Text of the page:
“I'd say college students should take advantage of networking with professors and the resources given to them to help them find jobs after graduating. As for what I would have done differently, I would have done more internships, joined more clubs or done more philanthropy work, and definitely put myself out there more. As a commuter, I did the bare minimum and if I put myself out there more, I could have made more friends or professional connections and I would have had more to add to my resume. The most important thing I learned was to embrace diversity. I met people from all over the world who were so different from me and it was an opportunity that I may never get anywhere else. As many different as we may have had, we were all at school for one reason, and that brought us together.” - Alexa, Seton Hall University
“General advice I can best give is to learn how to balance each aspect of your life (social life, school life, personal life) as best as you can because honestly all three are incredibly important. Sometimes you gotta just buckle down and get the work done. Sometimes you need a weekend to relax and make memories with your friends. And sometimes you just need time to yourself to really organize and set yourself up for the coming work or whatever it may be.” - Matt, Rowan University
“Some of the most important things that I've learned in college are how to parallel park like a boss, how to generate a debt payment plan (thank you finance!), how to manage my time better, how to take charge of groups, how to be a better human being (being nice to people on campus, helping out group members who don't understand the material, going above and beyond in terms of making sure that everyone around me feels safe coming to me for help), and most importantly that even when I think I can't go on with this crap for any longer, I always end up making it to the end of the semester.” - Samantha, Centenary University
About the future:
“I wish I had taken the time to sit down and genuinely think about what I wanted to do with the rest of my life. I feel like a lot of people avoid that thought because it is scary. It sounds crazy cause you feel so young in college, but the real world comes fast and the people who took the time to figure out their plans have a head start in their careers or even just their path to whatever their goals may be. Remember why you are there in the first place, which is to build a foundation for your future. Have fun while you're doing that and cherish every minute of it cause life isn't as easy once you're no longer in the fantasy land that is college. Time is precious. You need to learn how to spend it wisely.” - Greg, University of Maryland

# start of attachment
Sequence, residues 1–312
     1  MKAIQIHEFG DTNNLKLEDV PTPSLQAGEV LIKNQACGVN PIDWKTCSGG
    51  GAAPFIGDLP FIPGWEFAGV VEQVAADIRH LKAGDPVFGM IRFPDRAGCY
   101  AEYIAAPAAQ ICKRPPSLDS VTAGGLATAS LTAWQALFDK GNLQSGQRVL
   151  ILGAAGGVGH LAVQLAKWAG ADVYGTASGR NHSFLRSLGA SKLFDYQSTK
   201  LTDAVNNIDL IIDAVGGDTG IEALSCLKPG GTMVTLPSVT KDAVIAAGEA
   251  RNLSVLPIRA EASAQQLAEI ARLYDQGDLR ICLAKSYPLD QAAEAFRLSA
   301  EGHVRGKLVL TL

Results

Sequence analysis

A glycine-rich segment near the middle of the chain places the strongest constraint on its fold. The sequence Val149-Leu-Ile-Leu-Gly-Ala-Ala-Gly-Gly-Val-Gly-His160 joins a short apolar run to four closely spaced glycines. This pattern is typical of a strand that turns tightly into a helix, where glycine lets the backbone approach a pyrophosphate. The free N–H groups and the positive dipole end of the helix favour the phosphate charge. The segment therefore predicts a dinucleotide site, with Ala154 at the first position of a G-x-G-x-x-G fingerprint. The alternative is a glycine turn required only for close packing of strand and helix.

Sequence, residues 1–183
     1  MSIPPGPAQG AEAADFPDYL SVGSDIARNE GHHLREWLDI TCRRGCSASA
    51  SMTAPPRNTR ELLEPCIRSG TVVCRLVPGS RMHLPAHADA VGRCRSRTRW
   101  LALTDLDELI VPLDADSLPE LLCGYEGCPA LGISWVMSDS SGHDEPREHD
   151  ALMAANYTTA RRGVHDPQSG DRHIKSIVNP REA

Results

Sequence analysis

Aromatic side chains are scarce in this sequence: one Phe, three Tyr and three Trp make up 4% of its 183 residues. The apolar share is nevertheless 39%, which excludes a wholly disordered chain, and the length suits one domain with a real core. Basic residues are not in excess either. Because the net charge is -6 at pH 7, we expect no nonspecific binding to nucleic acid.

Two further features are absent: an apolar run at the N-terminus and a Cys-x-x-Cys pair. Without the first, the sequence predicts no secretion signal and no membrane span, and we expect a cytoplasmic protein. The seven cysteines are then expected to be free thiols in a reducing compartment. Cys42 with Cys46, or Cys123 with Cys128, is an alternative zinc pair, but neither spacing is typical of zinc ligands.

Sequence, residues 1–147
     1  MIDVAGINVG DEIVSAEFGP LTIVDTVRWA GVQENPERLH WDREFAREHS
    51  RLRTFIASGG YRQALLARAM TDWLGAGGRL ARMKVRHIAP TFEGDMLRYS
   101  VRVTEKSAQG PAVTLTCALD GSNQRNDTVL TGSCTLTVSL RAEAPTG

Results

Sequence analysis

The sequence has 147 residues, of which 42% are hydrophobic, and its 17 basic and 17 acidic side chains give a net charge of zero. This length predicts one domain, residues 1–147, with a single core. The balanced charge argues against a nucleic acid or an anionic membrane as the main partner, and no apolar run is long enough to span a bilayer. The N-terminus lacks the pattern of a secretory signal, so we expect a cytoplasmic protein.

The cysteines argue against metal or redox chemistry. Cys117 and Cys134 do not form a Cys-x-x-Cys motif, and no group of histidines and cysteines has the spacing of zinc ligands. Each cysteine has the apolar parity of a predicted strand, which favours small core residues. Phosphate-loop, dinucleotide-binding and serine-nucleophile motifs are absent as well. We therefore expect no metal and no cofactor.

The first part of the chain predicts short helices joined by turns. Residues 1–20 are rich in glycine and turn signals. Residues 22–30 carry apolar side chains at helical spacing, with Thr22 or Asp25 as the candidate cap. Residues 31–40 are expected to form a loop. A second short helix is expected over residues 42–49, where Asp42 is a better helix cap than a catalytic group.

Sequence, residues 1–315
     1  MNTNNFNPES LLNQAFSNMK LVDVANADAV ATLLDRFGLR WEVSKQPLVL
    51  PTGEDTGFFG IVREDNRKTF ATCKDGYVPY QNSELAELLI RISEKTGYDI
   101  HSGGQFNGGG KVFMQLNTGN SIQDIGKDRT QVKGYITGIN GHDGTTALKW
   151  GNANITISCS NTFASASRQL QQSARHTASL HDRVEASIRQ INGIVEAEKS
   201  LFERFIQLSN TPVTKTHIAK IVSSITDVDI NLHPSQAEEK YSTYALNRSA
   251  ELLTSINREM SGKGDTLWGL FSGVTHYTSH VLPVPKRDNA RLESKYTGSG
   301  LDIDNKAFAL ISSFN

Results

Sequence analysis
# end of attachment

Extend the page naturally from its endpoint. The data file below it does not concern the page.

“If I could go back in time, I would think to myself, and really think, about what would make me happiest in 10 years in terms of a life and career. It’s so easy to listen to the opinions and guidance of parents, friends, and even professors. However, the only person who knows exactly what makes you tick is yourself. Those other influences aren’t going to experience your existence in a decade - you are. Chase what makes you want to get up out of bed in the morning. Your first job out of college does NOT define you, your college career or who you want to be.” Monica, Rutgers University
Advice from the editor:
Everyone’s college experience is unique, but my own own personal advice that I can give someone who is still living out their college experience is to make sure that by the time you graduate, you have no regrets. Take advantage of anything that will better your future, whether its taking risks or seeking advice from the right people. Go out and have fun, but remember that school should always be your top priority at the end of the day. Most importantly, be happy with who you are and how far you have come by the time graduation rolls around. College is a crazy and exciting uphill battle, but as soon as it is about to be over, you will really wish that it’s not.